Polly Iyer, Author of “Hooked”

What is your book about?

Hooked is about Tawny Dell, a high-priced call girl with a PhD in art history who decides to give up the life. Unfortunately, while the FBI was looking into overseas accounts of a mob boss, one of Tawny’s ex-clients, her hidden account came up. Enter the NYPD sex crimes investigator, Lincoln Walsh, who received a call from a now-dead prostitute who mentioned Benny Cooper. Benny is an ex-Wall Street tycoon who runs a high-class bordello. Linc offers Tawny a deal: Go undercover at Benny’s brothel to find out if he’s the murderer and Tawny will avoid going to jail for cheating Uncle Sam. But the best laid plans don’t always work out.

What inspired the story?

The Eliot Spitzer scandal. When a man who busted up prostitution rings gets caught in a sting with a prostitute, it’s news. You wonder how such a smart guy could fall into his own trap. Then I thought about the young woman who serviced him. How did she get into the life? Why?

Tell us a little about your main characters. Who was your favorite? Why?

Though the book is full of interesting characters, I’d have to say Tawny is my favorite. She’s smart, bold, and knows who she is. She makes no excuses for her choices in life. It’s a challenge to write such a character and make her likeable. After all, she’s in an illegal profession. How does she justify what she does, and can I make her sympathetic?

Who is your most unusual/most likeable character?

Benny is a jerk, trapped by his own sexual desires, but I couldn’t help liking him. I don’t know if others will like him. He’s rather a buffoon, but, like Spitzer, he’s smart if misguided. I love Linc. I have to fall in love with the love interest. If I don’t love him, how can my heroine? Linc is tough and soft at the same time. He has a history that should make him stay as far away as possible from his chosen profession, but it’s also what makes him good at what he does.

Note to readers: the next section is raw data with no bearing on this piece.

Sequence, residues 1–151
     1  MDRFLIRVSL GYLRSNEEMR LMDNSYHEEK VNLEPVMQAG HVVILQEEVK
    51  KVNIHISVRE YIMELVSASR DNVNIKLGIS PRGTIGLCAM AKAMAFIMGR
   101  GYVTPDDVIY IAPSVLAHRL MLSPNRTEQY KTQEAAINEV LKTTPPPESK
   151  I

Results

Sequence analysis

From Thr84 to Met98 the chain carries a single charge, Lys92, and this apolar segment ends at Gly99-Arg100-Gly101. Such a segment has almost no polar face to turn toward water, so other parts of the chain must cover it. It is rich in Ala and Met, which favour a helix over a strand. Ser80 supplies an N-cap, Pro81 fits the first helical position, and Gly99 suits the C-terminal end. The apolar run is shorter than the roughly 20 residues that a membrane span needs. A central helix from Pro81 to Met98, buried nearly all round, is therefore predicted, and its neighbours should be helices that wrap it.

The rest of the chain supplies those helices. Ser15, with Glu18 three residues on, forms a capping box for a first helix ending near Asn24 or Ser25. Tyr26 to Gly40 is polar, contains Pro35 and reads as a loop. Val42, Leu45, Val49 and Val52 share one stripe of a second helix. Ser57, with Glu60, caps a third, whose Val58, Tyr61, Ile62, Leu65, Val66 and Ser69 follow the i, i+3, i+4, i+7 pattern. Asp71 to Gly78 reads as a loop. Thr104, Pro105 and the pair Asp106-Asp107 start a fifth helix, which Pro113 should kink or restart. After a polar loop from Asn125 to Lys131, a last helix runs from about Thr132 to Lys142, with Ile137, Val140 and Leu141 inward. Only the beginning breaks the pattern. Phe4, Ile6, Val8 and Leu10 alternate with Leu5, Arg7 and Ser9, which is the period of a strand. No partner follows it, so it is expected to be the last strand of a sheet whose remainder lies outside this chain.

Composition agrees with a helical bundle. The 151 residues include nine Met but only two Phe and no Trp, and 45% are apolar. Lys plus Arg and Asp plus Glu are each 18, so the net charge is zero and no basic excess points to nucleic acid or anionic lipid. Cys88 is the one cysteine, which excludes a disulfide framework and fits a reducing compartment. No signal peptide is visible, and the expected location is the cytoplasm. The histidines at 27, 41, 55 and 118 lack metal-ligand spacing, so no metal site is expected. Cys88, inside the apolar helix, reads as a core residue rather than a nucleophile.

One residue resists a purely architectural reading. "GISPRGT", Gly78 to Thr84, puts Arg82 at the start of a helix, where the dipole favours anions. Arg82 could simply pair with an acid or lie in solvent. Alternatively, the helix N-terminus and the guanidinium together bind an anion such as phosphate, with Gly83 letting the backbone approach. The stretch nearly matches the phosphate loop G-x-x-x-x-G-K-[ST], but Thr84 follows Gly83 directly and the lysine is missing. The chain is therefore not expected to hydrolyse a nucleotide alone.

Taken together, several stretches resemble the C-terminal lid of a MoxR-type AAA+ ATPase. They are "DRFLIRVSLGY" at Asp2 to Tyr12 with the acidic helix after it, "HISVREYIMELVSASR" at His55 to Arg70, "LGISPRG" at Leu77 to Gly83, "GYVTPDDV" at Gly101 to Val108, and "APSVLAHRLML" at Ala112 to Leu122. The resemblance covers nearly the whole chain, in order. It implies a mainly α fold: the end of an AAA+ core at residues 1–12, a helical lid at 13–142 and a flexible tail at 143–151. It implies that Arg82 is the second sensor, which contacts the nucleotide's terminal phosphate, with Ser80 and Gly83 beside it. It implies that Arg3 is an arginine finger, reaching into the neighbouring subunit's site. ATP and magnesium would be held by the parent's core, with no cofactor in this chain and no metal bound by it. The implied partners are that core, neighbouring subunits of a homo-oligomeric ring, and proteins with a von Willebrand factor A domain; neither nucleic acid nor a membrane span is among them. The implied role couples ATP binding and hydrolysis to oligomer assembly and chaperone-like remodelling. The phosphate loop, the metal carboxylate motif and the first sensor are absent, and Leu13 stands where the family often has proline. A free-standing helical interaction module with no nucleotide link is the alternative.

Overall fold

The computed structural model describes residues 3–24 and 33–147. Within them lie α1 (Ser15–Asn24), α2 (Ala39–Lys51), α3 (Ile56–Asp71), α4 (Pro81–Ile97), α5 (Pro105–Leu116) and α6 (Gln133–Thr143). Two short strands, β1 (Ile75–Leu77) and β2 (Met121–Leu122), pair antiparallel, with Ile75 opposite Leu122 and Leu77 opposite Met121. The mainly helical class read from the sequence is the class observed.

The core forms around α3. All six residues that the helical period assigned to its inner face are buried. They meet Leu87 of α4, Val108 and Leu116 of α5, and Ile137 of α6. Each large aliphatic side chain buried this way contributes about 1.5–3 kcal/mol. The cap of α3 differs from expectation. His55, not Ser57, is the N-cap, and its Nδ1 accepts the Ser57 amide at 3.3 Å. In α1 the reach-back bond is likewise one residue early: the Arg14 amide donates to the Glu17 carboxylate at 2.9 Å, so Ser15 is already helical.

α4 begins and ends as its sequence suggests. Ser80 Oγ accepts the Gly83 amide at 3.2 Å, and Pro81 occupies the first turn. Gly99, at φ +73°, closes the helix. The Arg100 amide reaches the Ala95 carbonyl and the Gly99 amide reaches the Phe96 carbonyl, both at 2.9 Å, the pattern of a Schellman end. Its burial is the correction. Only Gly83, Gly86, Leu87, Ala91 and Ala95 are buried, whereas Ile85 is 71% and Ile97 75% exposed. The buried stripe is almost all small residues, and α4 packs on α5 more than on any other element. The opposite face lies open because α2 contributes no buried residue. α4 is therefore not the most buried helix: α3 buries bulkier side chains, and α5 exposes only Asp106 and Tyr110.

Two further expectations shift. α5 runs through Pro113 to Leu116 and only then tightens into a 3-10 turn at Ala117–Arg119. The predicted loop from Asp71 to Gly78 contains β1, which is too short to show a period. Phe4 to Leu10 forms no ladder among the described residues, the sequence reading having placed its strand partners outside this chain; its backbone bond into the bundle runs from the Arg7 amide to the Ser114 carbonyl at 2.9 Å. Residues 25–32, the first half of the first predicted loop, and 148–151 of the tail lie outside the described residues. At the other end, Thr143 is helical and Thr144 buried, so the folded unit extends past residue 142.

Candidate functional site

Did you do any research for the book? If so, how did you do it? (searching Internet, magazines, other books, etc.)

You’d be surprised how many upscale women write about their adventures as a call girl. Like Tawny, these are smart women who think why not get paid for something they’re giving away free. The top women go places with exciting, rich men and make big bucks to do it. Just click on Google, and there they are, telling all.

How do you develop and differentiate your characters?

My characters come fully formed. I try to make each one distinctive with their own characteristics and tic, if you will. Once I have them in my mind, I see them and hear them.

What is your goal for the book, ie: what do you want people to take with them after they finish reading the story?

My goal is a good read. I always have issues in my books; otherwise, they wouldn’t interest me. I like to dig deep in my characters’ pasts in order to explain why they’re the way they are. Sometimes, in doing that, I get into some heavy subjects, but that’s okay.

What challenges did you face as you wrote this book?

As I mentioned, making a call girl likeable was a challenge. I hope I pulled it off. Also, Benny and the mob boss aren’t basically likeable, but I believe the antagonists should have redeeming characteristics in order for them to work.

What’s your writing schedule like? Do you strive for a certain amount of words each day?

I write all the time. I try for a certain amount of words when I’m writing a new story, but much of writing is rewriting. That’s when I go hoarse reading aloud to see if the dialogue works or if sentences sound strained.

Do you have any rituals that you follow before sitting down to write?

First I read all my emails and lists and writer’s loops while I have my coffee. I might do a Sudoku puzzle to clear my morning brain, then it’s on to the writing.

Do you have a favorite snack food or favorite beverage that you enjoy while you write?